Students to protest UNCG’s free speech zones
The two places UNCG has designated free-speech zones do not meet the approval of some student political groups who also object to notifying administrators 48 hours in advance to use the small, overgrown areas.
A coalition of activist organizations, from the College Libertarians to the campus International Socialist Organization, plans to protest the school’s policy Wednesday. The College Democrats and Republicans have also joined the cause, which was spearheaded by the Libertarians. Organizers said leaders of the Guilford County Democratic, Republican and Libertarian parties might speak at the event.
School policy dictates that protests and student group gatherings occur in the area in front of the Eliott University Center or the east portion of the lawn of the Julius Foust building and that notice is given 48 hours in advance. Allison Jaynes of the College Libertarians said that the group has contacted the Foundation for Individual Rights in Education, a national organization instrumental in overturning similar policies at West Virginia University, Appalachian State and the University of Houston. FIRE issued UNCG a red light rating for free speech on its website, indicating that the institution has at least one policy clearly and substantially limiting free speech.
‘“This is a public campus,’” said Omar Kalala, a sophomore member of the International Socialist Organization. ‘“The entire area should be a free speech zone.’”
Public universities must conform to the Constitution. However, the Supreme Court has upheld restrictions on time, place and manner of protests to maintain public safety. Many universities defend free speech zones as legal restrictions that are not based on the speaker’s content. The UNCG policy requires only 48 hours prior notification, not permission from school officials.
‘“The university promotes free speech,’” said UNCG Spokesman Steve Gilliam. ‘“We’re not trying to intimidate or silence anybody.’”
The FIRE website states that time, place and manner restrictions must be narrowly tailored to pass Constitutional muster, and that general free speech zone policies do not meet this criteria.
‘“A college campus ‘— as the ultimate free speech zone ‘— should be the last place where expression is regarded with suspicion,’” the FIRE website says.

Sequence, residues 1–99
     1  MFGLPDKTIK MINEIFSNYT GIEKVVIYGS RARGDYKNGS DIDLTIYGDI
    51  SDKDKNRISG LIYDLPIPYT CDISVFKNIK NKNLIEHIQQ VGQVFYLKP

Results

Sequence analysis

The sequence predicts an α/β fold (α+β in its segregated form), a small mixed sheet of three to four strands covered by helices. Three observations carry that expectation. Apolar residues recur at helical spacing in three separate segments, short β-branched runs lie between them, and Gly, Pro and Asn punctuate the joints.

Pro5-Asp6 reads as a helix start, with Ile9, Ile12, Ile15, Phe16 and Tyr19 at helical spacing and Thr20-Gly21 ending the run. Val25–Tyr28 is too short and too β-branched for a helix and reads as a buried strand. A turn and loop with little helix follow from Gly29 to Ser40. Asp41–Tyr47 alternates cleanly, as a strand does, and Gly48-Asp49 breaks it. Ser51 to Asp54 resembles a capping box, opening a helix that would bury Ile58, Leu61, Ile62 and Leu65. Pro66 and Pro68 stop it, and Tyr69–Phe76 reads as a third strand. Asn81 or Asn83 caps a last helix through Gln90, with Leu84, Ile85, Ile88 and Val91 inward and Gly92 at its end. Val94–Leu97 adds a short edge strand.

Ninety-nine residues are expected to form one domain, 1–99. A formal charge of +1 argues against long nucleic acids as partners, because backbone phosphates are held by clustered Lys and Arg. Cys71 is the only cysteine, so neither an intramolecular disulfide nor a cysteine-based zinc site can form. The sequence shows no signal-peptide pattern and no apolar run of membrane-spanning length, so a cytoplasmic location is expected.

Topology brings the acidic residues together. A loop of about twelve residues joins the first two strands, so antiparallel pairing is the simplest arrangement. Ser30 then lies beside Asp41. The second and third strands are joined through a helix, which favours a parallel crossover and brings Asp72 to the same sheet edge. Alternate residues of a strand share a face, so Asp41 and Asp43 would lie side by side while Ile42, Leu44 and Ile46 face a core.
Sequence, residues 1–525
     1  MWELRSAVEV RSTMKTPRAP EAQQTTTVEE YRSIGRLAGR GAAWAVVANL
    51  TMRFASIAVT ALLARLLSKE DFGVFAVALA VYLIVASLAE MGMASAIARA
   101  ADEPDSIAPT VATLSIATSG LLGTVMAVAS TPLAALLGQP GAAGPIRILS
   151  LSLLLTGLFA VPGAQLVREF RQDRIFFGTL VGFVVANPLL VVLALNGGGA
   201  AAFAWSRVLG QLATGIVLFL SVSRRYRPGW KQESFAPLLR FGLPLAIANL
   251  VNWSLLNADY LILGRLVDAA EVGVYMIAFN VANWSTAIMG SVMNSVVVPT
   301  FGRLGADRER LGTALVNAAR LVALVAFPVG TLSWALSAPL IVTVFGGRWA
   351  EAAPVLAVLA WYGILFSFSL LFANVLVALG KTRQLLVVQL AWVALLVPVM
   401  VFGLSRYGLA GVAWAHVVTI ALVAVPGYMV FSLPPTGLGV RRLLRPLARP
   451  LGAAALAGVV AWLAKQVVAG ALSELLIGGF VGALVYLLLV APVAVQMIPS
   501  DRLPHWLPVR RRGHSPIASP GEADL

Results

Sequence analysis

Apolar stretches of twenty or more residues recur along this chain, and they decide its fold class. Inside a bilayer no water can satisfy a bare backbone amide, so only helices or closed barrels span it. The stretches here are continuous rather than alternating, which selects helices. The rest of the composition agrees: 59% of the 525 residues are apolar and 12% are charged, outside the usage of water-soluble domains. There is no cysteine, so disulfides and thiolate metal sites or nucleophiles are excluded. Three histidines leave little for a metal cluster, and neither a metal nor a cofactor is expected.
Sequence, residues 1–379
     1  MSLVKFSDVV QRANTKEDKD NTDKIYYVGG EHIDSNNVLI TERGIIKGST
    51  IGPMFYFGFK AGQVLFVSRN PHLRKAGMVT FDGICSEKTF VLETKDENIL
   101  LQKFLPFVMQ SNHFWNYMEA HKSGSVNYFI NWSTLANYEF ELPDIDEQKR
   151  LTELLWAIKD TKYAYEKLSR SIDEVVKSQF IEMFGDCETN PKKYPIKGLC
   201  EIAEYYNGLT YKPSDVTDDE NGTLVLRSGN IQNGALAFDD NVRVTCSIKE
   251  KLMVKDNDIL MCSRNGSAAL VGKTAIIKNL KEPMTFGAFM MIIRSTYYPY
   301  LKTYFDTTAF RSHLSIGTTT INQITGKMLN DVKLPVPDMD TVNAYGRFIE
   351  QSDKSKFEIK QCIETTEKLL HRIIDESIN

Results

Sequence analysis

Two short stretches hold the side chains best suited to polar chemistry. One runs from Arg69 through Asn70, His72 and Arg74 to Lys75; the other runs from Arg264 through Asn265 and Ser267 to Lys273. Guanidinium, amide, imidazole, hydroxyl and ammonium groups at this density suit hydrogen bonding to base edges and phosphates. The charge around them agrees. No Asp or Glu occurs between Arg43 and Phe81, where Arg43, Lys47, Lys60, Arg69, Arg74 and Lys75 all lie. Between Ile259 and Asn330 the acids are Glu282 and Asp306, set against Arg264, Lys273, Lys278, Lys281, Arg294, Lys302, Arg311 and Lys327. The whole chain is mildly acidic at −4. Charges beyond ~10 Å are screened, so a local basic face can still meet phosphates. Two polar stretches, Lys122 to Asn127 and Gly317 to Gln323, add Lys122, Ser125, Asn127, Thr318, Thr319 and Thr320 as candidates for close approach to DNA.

At West Virginia University, students first started lobbying against a similar policy that limited protests to two areas in late 2000. FIRE exchanged letters with WVU president David Hardesty and engaged in a massive publicity campaign, according to the website. The Rutherford Institute, a Virginia-based conservative legal organization, filed a lawsuit against WVU in 2002, and the university repealed the policy in November of that year.
A lawsuit filed against the University of Houston regarding the institution’s free speech zone policy in 2002 resulted in a decision against the school. Despite the decision, protesters at the school must register to use one of the four zones at least ten days in advance.
Both the International Socialist Organization and the College Libertarians have come under fire for violating the UNCG’s free speech policy. Libertarians passing out literature and circulating a petition to put the Libertarian candidate back on the ballot were threatened with arrest twice, including one incident where a police officer appeared on the scene, Jaynes said. Administrators later held a conference with group leaders to explain the rules.
School officials also told members of the International Socialist Organization that they could not sell their Socialist Worker newspaper outside of the free speech zone without a permit. An application for such a contract took a month to process.
Student groups that do not conform to the rules governing assembly face a myriad of consequences, including losing their university affiliation. Groups without such recognition do not receive student activity fees and cannot reserve space in campus buildings.
‘“When I talked to [administrators] in private, they said it is the rule and they’re going to follow it,’” Jaynes said. ‘“I don’t know if that means they believe in it or that they are just following it. Our goal is to get the rule changed.’”
On Wednesday, protesters plan to gather outside of the free speech zones with signs and gags in blue and gold Spartan colors. They will also circulate a petition asking for the repeal of the policy and the designation of the entire campus as a free speech zone.
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